Naïka Deluy-Garwood Shaves Her Head and Turns the Moment Into Art
Reclaiming Self-Identity With a Haircut at the VAV in “Hyper Real”
Two small television sets sit parallel to each other, looping a video of visual artist Naïka Deluy-Garwood, shaving her head.
The screens frame two angles of her process simultaneously: one facing frontwards, allowing the viewer to see her quiet expression, and one overhead, showing the overwhelming accumulation of curly hair that gathers with each stroke.
Deluy-Garwood’s artwork sits in the far right hand corner of the Visual Arts Visuels’ current exhibit Hyper Real: Black History Exhibition and Event Series, behind a dark curtain.
Her piece entitled People Would Kill for Hair Like Yours is accompanied by two headphones—one for each tv set, that emanates the sounds of the sharp snips from the scissors she used and the buzz of the razor.
In that captured moment, which she shot herself, the painting and drawing student drastically cut her hair for the first time in her life. Deluy-Garwood described the act as much more than a simple hair cut.
“That’s 20 years of hair all gone in 15 minutes,” Deluy-Garwood explained. “This work was really about reclaiming myself and reclaiming my identity, because so much had been attached to my hair […] There was a real weight to my hair, and being able to remove it, I was able to feel myself for once.”
“I kind of felt like my hair was my baggage,” she continued. “When I was a kid, […] strangers would come up to me and ask to touch my hair, or some wouldn’t even ask at all. That kind of like set the tone, my hair was just a part of me that people would notice right away, and would kind of classify me, or declassify me, with that attribute.”
Deluy-Garwood went on to say that she’s had past boyfriends tell her how to wear her hair. She described being influenced by them and by friends, who she explained were mostly “white girls” from the West Island, to straighten her hair.
“Even the ones closest to me made me feel like this part of me was a separate entity. […] [Straightening my hair] is really bad for me and my hair as well, just damaging it.”
“I feel like life and art are just mirrors to each other. I see an experience, a traumatic experience, [and] for me I need to deal with that by making an art work. For clarity, for introspection, I need to be able to put into a physical form as a document of that time.” — Naïka Deluy-Garwood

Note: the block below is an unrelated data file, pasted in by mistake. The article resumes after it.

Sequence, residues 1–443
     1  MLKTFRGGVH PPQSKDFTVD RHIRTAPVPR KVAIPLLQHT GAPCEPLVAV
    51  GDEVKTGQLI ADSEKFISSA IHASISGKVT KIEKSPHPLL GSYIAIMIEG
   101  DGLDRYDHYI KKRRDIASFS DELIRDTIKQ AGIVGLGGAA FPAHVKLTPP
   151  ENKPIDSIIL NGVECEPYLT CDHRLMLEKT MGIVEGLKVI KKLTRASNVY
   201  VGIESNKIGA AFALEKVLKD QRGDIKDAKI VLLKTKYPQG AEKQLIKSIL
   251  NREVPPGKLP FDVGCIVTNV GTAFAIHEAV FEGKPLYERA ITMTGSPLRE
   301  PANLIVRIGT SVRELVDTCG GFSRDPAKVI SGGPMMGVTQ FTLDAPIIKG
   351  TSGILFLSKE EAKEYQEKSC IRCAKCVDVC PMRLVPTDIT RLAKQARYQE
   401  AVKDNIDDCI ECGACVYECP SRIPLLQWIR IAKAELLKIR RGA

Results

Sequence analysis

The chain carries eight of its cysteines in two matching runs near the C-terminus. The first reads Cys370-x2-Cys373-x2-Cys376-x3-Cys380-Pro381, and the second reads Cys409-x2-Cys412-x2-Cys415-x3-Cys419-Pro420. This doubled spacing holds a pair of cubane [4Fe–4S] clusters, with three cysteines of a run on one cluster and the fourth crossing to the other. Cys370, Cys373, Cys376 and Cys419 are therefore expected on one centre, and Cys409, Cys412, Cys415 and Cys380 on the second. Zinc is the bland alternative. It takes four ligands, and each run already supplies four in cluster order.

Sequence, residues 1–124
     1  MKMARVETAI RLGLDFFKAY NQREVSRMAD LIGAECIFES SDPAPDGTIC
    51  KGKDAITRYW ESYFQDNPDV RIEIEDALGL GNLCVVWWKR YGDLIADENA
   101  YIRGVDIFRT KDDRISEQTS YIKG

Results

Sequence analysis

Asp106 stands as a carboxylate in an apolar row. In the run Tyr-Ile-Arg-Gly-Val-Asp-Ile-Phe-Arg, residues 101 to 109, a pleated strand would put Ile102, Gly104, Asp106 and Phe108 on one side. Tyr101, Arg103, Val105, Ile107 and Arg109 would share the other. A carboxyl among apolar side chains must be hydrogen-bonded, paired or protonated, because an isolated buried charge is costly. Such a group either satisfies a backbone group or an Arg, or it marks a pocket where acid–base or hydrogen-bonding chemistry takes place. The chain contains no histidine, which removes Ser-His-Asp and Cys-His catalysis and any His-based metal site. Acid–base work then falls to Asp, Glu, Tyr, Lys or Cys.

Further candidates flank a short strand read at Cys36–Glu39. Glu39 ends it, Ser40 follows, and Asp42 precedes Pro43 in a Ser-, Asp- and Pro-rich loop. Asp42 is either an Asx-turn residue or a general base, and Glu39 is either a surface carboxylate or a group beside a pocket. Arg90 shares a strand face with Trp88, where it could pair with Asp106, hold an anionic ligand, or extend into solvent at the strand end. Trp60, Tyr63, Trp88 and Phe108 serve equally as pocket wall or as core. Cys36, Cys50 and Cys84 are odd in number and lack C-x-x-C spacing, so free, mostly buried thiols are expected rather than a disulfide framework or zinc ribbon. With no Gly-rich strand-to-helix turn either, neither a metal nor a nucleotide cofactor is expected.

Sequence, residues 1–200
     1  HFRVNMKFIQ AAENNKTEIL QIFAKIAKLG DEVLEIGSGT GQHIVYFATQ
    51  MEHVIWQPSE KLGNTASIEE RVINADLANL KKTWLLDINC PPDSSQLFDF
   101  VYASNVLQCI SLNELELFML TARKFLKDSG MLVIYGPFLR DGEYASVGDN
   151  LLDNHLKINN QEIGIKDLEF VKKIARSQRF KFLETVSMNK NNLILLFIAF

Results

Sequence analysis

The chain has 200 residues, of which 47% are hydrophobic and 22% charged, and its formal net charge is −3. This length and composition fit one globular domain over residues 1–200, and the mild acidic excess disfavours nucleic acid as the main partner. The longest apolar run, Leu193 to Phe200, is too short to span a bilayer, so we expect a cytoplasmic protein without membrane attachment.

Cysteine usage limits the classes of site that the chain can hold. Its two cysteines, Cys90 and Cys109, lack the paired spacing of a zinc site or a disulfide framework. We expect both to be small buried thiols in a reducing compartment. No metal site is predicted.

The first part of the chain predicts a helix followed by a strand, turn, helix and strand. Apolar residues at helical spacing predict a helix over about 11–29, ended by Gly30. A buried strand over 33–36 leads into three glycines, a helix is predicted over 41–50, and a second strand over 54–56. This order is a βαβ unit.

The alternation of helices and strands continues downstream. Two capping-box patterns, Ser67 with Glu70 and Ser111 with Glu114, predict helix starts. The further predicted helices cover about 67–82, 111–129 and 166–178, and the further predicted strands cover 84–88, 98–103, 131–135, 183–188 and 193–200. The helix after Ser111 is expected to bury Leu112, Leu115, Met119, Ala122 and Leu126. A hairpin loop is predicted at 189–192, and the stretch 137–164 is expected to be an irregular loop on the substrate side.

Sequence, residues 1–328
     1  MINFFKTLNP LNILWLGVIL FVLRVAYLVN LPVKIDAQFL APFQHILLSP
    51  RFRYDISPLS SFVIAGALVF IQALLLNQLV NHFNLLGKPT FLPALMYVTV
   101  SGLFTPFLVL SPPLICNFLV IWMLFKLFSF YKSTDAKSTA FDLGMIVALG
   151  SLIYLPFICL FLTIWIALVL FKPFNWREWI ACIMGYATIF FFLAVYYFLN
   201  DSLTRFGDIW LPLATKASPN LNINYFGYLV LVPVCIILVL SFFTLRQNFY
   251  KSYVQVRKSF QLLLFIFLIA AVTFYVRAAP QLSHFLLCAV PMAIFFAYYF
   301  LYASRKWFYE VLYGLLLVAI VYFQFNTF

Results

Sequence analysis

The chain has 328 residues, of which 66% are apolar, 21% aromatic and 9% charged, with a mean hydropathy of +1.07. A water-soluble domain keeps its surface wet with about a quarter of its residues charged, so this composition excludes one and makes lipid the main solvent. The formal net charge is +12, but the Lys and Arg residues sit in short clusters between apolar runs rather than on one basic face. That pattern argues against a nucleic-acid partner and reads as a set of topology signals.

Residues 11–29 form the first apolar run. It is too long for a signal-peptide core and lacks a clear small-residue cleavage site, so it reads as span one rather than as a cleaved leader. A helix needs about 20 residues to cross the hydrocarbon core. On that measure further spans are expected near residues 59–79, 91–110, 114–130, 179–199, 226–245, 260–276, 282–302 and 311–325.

Using her laptop as a mirror and as one of the cameras to record herself for the piece, she explained to The Link that she decided to cut off all of her hair because she got to a point in her life where she outgrew being influenced by others.
“I really wanted to reclaim my own identity, and be my own person, as opposed to having this thing that just kept coming back. I just cut it all off, and it felt like it was really necessary.”
“I feel like life and art are just mirrors to each other,” Deluy-Garwood said. “I see an experience, a traumatic experience, [and] for me I need to deal with that by making an art work. For clarity, for introspection, I need to be able to put into a physical form as a document of that time.”
Her piece and the act of shaving her head has to do with her struggle with her identity, and not knowing where to situate herself, as she is mixed race.
“I wouldn’t call myself Black, because my struggle is not the struggle of someone who is Black, my struggle is that of someone who is half-Black,” Deluy-Garwood explained.
She said that people tell her that she must have a side that she prefers, or a side that she identifies more with. “ I don’t understand how anyone could view that, […] I’m a whole person.”Related
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“[All] the stuff that had been projected onto me [was attached to my hair], [it wasn’t] necessarily what I felt,” Deluy-Garwood continued. “[…]The influence other people had onto [me] was all contained in my hair.”
At the end of the video, all of the hair that she shaved is transformed into a braid. She has also braided all of her hair from her big chop into a 13 foot long braid as a performance. “I kept my hair, and it became a tool for one of my performance pieces as well. I removed it from myself, but I use it still as an extension in my work. It’s better to me off of me. […] It stays with me no matter what.”
Deluy-Garwood decided to keep her hair because, as she puts it, “you can’t really escape. I mentioned a kind of weight to it right—you need to acknowledge the weight that was once there, and you need to hold onto it as a reference, as a tool, to equip yourself for the future and what’s to come. I hold on to my trauma and my memories with this hair.”
Now that she cut off all her hair, Deluy-Garwood said that feels different. “I feel a lot better, I feel the most ‘Naïka’ I’ve ever been, the most myself I’ve ever been. I recommend doing what you feel you need to do in order to grow. That’s what this was, something I needed to do.”
To check out more of the art exhibited at Hyper Real , go to the VAV gallery on 1395 René-Lévesque Blvd W., between 9 a.m. and 9 p.m., Monday to Friday until Nov. 30.
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